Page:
There are three components to this heating system: a heat source, a distribution piping system and controls. The heat source in hydronic radiant floor heating is a high efficiency Trinity boiler for natural gas or propane. The energy used to heat the hot water can also be oil, electricity, wood or solar hot water collection.
A circulator pump at the boiler circulates water around and through the boiler called the primary loop. Another circulator pump moves water from the primary loop through a manifold and into the distribution piping system (tubing) inside the floors. Properly designed and balanced, this delivers even heat to every room. A properly designed radiant floor system will not exceed 29ºC (85ºF).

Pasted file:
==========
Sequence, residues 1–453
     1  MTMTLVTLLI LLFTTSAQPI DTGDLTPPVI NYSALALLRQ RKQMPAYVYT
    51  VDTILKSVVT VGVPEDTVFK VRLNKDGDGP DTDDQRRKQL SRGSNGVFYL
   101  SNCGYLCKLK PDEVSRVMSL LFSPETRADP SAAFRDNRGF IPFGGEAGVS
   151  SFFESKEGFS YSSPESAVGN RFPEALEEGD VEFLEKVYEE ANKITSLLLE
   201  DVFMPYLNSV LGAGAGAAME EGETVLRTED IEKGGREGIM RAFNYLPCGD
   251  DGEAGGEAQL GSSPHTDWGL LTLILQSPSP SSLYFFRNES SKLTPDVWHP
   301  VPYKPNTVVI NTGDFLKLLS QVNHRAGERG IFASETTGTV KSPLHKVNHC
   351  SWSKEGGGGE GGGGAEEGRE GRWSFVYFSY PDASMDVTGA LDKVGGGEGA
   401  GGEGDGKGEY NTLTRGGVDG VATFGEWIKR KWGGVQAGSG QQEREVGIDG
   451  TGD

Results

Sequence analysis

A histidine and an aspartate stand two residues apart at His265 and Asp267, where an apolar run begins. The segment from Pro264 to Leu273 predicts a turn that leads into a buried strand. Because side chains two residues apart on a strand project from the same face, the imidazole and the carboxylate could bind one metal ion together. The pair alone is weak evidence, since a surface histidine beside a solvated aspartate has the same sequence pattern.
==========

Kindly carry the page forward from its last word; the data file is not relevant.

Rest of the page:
To select how warm or cool a room or home will be, controls are required to set the system to a particular temperature. Each room or each floor can be a single zone to be controlled by a thermostat and pump. The manifold system can be a single zone or a series of zones with a series of valves on each loop which can be individually controlled by it's thermostat. The manifold distributing water to each loop is typically located in an accessible wall cavity where the flow of water for each zone is balanced and set according to flow and temperature. There are various methods of controlling temperature for each zone or loop using components such as variable speed injection pumps or thermostats with outdoor rest control incorporated into pumps or valves. Hot water rest is a method of controlling and adjusting the water temperature supplied to the zone or zones or loops according to the outside air temperatures. Hot water reset prevents hot water systems from overshooting by lowering water temperatures as outside temperatures increase and increasing water temperatures as outside air temperatures decrease. Supplying the same hot water temperature to a floor in a room when it is a milder day will guarantee overshooting of the thermostat setting. Radiant heating systems react slowly and a flywheel effect. By only heating objects requires more time to be efficient. Providing too much heat will result in the room overheating. The most common complaint from a poorly designed radiant floor heating system is overshooting of temperature. Design and installation of the system is critical to maintaining exacting comfort. In floor radiant heating is all about comfort and we like to think of radiant heat as Decorating with Comfort. There is a caution not to exceed the recommended maximum temperature as it could warp solid hardwood flooring and cause stress to the system.